NEW SEARCH for a NORTH POLAR CONTINENT
WHILE there are deeds of daring to be done
men will be found to do them. Captain
Scott's terrible story of his hardships, pri
vations and finally his tragic death are still fresh in
the minds of all, but it in no way deters others from
following his noble example. The North Pole was
discovered by Peary in 1906, but science is not yet
satisfied. Peary reported that he sighted land and
that, in his opinion, there was an Arctic continent.
What is this continent made of? Are there any in
habitants? If so, what are their language and cus
toms? What are the fauna and flora of this unknown
region? Two men arc heading expeditions at present
with the purpose of answering these questions and
are willingly risking their lives and those of many
Others to, satisfy the demands of science. And these
two men are Vilhjalmar Stefansson and Donald
On June 18 the Stefansson expedition set sail
from Victoria, 8.C., under the command of Captain
Burtlett, Peary's old sailing master. Its first port
was Nome, Alaska, where it was joined by the
chief explorer himself and other members of his
party and from which it headed for the Arctic
The expedition consists of two parties, the
northern and southern, so called from the routes
they intend to take. The first goes on board the
ship Karluk, the second on the Alaska, the latter
being in charge of R. M. Anderson, Stefansson'a
comrade on his last expedition.
On leaving Nome they both proceeded by way
of Bering Strait to the Arctic Ocean while it is
free of ice. Thence they will head for Beaufort Sea,
where the two sections are to part company. The
northern party on board the Karluk will face due
north toward the region where the Arctic continent
is reported to exist. The danger of the ship being
caught in the ice and crushed into pieces is imminent,
but they are prepared for all such emergencies. If
the continent is found the parly will disembark and
the ship return to Herschcll Island. If not found
they will make Prince Patrick Island their head
quarters and make winter sleigh journeys north and
east. The time to be spent on the expedition is by
no means definite, but in all probability it will bo
about three years.
la, Neither part of the expedition has any intention
Two Great Expeditions Go
Forth in Search of Crocker
Land, the Mysterious Arctic
Continent Described by
Peary. Canada is Backing
Stefansson, Who Has Sailed
from Nome. New York
Scientific Institutions Are
of trying to reach the Pole. The aim is practical
and commercial in addition to being scientific. In
all there are eleven scientists going on the trip, the
greater number being on the Alaska.
Stefansson's definite aim is to find the Arctic
continent, to explore it and collect specimens of the
fauna and flora. He even thinks it possible that he
may find a new race as on his last expedition, when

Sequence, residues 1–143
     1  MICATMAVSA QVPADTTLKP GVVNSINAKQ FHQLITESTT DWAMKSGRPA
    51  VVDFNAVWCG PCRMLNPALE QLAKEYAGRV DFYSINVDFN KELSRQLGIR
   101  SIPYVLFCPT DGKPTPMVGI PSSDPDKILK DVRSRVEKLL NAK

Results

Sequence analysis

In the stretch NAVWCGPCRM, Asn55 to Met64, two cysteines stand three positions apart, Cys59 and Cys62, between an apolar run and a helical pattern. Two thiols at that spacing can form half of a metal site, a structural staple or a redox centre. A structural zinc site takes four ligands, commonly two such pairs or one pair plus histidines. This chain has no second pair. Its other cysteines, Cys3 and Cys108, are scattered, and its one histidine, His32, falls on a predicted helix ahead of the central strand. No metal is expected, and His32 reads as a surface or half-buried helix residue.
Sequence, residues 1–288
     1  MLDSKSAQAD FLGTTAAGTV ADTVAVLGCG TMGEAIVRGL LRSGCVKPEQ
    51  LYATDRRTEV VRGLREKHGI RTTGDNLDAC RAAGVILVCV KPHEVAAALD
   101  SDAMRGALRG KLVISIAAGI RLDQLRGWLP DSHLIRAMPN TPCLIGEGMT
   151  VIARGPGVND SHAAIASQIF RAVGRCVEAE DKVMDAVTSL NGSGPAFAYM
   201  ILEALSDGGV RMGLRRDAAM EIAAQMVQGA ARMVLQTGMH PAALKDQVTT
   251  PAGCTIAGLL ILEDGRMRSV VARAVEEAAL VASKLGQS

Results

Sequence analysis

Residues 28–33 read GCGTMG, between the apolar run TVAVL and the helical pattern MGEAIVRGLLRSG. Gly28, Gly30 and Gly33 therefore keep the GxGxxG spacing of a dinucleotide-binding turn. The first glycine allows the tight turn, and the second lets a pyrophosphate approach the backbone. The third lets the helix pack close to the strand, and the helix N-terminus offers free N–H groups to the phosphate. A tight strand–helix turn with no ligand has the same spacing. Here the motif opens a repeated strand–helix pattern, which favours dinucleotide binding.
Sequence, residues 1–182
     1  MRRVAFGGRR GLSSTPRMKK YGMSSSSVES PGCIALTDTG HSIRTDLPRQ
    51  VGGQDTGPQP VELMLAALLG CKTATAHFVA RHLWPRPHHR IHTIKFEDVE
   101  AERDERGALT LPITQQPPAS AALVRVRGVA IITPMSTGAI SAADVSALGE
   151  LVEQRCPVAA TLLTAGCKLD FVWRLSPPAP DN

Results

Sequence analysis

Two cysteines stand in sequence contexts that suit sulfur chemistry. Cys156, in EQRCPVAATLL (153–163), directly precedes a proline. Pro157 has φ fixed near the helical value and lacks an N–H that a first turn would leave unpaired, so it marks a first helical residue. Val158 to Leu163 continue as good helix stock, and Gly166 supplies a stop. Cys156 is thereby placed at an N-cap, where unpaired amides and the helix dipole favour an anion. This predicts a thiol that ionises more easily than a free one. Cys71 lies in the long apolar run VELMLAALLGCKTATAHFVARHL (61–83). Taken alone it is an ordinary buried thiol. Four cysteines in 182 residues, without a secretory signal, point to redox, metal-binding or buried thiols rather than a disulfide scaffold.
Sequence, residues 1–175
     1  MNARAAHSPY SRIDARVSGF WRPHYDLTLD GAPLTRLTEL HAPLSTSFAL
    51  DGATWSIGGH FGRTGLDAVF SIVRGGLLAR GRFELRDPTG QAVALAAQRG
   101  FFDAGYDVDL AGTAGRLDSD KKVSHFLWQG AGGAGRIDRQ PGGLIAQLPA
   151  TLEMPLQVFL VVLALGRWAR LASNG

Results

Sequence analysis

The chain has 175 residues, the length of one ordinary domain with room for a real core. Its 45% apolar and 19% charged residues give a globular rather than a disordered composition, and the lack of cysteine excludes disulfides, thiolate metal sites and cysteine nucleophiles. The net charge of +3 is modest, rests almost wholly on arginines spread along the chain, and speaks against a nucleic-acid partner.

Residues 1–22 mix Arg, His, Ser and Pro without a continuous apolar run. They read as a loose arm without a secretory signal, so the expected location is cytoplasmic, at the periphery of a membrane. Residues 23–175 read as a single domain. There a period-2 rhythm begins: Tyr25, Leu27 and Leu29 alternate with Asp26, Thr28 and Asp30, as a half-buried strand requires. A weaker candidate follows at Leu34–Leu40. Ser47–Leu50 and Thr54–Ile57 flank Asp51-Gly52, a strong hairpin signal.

he discovered the blond Eskimos. With him goes
James Murray, a noted oceanographer who accom
panied Shackleton on his Antarctic expedition, as
well as two other distinguished scientists, W. T.
McKinlay, a magnetieian of Glasgow, and George
Mallock, a Canadian geologist.
The purpose of the southern party is even'more
definite still. They are to explore known lands—to
map the islands east of the mouth of the MacKcnx.io
River, make a collection of the fauna and Dory, take
a survey of the channels in the hope of establishing
trade routes and thoroughly explore the lands of the
blond Eskimos of Coronation Gulf and Victoria
Land, which lies south of Banks La.id.
Stefansson and Anderson both know their terri
tories between Alaska and the MacKenzie River and
their crews are men well used to the Arctic regions.
The scientific staff is the best to be had, being drawn
from all parts of the world, and many of the men
have also been on similar expeditions in the Arctic
and Antarctic regions. One of the most important
people in the southern expedition will be the official
photographer, who will also make cinematograph
films showing the life and customs of the natives of
the countrie3 they explore. No trouble, no expense
is to be spared. The total cost will be defrayed by
the Canadian Government and the sole management
is in the hands of Stefansson.
But this is not the only Arctic expedition on its
•way. There it another, known as the Crocker Land
expedition, which set sail July from New York.
The aim of this party is to explore the Arctic conti
nent sighted by Peary in 1906.
This expedition is in charge of Donald B.
McMillan, who was one of the Peary expedition.
With him go six other men, all well known, and a
crew of twenty-eight. This trip is financed by the
American Museum of Natural History, the American
Geographical Society and by private sub
xml | txt